Exercise 5: Practice Presentation and Review of Cases

This exercise requires at least two people: a presenter and a reviewer.

  1. The presenter will make a brief case presentation to the reviewer, using one of the forms prepared from the case studies in Exercise 4 on page 28.
  2. The reviewer will ask questions to ensure that all aspects of case management adhere to department of health policies and procedures.  Questions should address the consistency of details presented, treatment completion (or if no completion why not), and thoroughness of the contact investigation.  Ask all of the questions that you think a reviewer would ask in a real cohort review.

Switch roles in order to experience both perspectives. Thinking like the reviewer may help you develop better case presentations.

For the case studies presented in Exercise 4, the reviewer will likely have the following questions or comments:

Case # 1 – Mr. Parks
  • Why was there no mention of culture conversion?
  • Why were fewer than 50% of contacts evaluated?
  • Need to coordinate TB and HIV care and treatments
  • Need to explain how the one contact started on treatment for LTBI was lost and what efforts have been made to return the individual to treatment
Case # 2 – Mr. Morales
  • Because his 4 household contacts were TST positive, need to test the 4 who initially refused testing
  • Patient needed to be on DOT from the start of treatment; failure to do so caused his treatment to be extended
Case # 3 – Mrs. Nguyen
  • Why was HIV status not reported?
  • Home visit rather than telephone interview would have been more appropriate to find additional household contacts
  • Need to reach out to private providers with TB education and encourage interaction with health department staff
  • Who were the three TST-negative contacts? Were they members of the household?
 

2. Immediate Analysis of Outcomes

The data analyst or epidemiologist is responsible for providing an analysis of cohort review outcomes, preferably by the end of the cohort review session. Immediate feedback lets the team know how they are doing in relation to program objectives and allows for discussion of case management or programmatic improvements that might enhance treatment and contact investigation outcomes. In order to accomplish this, the data analyst should update information in the registry on treatment outcomes, contact investigations, programmatic indicators, and other information obtained during the case presentations. This recording and analysis may be accomplished using a manual tally sheet or a computerized spreadsheet or database.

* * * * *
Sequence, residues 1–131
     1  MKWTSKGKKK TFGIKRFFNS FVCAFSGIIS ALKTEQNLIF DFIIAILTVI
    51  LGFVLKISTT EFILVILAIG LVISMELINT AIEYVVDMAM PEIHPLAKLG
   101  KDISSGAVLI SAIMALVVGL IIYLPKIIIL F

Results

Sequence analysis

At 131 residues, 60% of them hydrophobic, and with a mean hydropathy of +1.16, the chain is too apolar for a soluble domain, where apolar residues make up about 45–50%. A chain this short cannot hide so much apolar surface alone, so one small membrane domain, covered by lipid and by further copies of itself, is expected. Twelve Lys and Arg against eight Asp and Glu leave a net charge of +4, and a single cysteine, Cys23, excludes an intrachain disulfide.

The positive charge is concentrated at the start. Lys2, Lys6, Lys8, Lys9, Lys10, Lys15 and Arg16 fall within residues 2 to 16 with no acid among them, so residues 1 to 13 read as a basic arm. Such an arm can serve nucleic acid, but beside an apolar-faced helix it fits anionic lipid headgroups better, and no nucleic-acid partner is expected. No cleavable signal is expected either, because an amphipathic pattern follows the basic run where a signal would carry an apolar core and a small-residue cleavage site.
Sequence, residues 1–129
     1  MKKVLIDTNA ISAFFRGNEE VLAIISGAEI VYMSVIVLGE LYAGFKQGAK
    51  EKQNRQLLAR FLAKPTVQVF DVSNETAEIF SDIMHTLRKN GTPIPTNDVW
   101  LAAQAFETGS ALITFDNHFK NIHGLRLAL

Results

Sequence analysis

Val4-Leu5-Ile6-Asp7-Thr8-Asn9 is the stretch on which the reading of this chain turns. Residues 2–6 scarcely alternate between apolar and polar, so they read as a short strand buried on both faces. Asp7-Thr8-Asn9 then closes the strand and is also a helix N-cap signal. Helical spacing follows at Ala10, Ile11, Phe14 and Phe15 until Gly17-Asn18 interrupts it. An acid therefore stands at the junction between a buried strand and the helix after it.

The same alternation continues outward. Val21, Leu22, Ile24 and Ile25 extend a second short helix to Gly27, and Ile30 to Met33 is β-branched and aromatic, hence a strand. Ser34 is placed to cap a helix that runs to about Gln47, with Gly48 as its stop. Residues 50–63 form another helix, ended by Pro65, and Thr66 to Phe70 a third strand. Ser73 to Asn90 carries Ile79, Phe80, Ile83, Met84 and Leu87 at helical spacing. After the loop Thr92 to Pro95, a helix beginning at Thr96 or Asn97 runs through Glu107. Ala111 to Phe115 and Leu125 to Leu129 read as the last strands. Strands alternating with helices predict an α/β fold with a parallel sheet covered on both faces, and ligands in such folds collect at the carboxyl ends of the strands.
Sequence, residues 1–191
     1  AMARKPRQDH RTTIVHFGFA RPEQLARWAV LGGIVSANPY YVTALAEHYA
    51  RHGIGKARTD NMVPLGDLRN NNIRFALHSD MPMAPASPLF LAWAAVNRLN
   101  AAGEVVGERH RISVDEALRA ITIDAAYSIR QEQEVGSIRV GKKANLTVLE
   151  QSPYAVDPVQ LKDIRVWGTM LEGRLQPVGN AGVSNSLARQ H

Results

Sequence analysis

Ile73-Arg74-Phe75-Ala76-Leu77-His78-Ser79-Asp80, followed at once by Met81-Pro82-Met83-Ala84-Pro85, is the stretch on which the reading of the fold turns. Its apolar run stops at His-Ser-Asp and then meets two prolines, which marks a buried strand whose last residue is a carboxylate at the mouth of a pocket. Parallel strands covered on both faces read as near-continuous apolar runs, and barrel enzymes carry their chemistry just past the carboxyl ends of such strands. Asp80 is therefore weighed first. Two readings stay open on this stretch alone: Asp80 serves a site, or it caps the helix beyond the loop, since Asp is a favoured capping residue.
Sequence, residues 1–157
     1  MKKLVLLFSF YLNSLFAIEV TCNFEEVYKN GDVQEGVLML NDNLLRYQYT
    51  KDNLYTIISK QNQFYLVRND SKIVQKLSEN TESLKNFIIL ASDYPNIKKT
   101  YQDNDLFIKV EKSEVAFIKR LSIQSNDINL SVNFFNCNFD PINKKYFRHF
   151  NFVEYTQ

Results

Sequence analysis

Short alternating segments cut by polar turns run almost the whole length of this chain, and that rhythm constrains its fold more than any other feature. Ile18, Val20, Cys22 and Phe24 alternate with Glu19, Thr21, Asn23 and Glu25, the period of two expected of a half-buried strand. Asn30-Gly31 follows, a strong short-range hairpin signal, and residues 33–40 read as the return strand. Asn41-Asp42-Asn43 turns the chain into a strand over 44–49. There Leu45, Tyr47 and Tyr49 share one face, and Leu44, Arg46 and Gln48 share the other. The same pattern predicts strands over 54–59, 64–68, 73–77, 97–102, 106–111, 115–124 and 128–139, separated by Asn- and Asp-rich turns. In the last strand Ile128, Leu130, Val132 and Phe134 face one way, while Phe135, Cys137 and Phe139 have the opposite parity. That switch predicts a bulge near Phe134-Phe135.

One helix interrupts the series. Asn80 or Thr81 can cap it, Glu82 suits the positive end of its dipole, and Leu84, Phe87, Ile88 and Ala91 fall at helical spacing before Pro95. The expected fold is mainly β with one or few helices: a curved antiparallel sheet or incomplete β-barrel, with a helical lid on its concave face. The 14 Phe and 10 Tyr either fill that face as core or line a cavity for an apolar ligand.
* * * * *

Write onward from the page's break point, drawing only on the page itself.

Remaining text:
At the end of the session, the data analyst

  • Tallies the totals of each category of information.
  • Calculates the indices and rates.
  • Presents these to the group as a “report card” on the group’s progress toward meeting TB program objectives.

On the following page is a sample tally sheet that can be used manually for a small cohort of cases. It may be used to create a spreadsheet that will do the calculations automatically. The sample tally sheet is based upon the cohort presentation forms provided earlier.

The “TB Information” section of the tally sheet pertains to the diagnostic information about the case (site, smear/culture results, sensitivity, CXR results).

The “DOT” section of the tally sheet provides information on the number of months the patient has been on DOT.

The “Disposition” section documents the disposition of the TB case: is treatment completed and, if not, why not.

The “Contacts” section documents information on the contact investigation—how many were identified; how many were evaluated; how many were infected; do any have disease; how many started on treatment for LTBI. A legend to the tally sheet follows.

The information collected on the tally sheet can be modified to fit specific program needs and data reporting requirements.

 

Table 13: Sample Tally Sheet

(See Table 14: Sample Legend for Tally Sheet on next page)

Tally Sheet

Date:____________ Quarter:_____________ Cases Counted: __ January 1 – March 31

    TB Information DOT Disposition Contacts
Name Registry # A-D Sm+ Cult+ Cav CXR Mos.

DOT

a b c d e f g h i j k   #ID App test #Eval # Inf # Trt LTBI # Comp # Curr
Parks 10123 A Y Y N 6 Y                       15 7 7 2 2   1
Morales 10119 A Y Y Y 5.5   Y                     16 16 12 4 4   4
Nguyen 10216 B N Y N 6 Y                       3 3 3 0 0    
                                                   
                                                   
                                                   

Table 14: Sample Legend for Tally Sheet

TB Information

A-D

A = positive sputum smear result
B = negative sputum smear result, positive sputum culture results
C = negative sputum smear result, negative sputum culture results, but has other clinical characteristics relevant to contact investigation such as cavitary CXR, positive respiratory culture, or is a pediatric case.
D = extrapulmonary or clinically confirmed case

SM+

Smear positive

Cult+

Culture positive

Cav CXR

Cavitary CXR

DOT

Mos. DOT

Months on directly observed therapy

Disposition

a

Completed treatment

b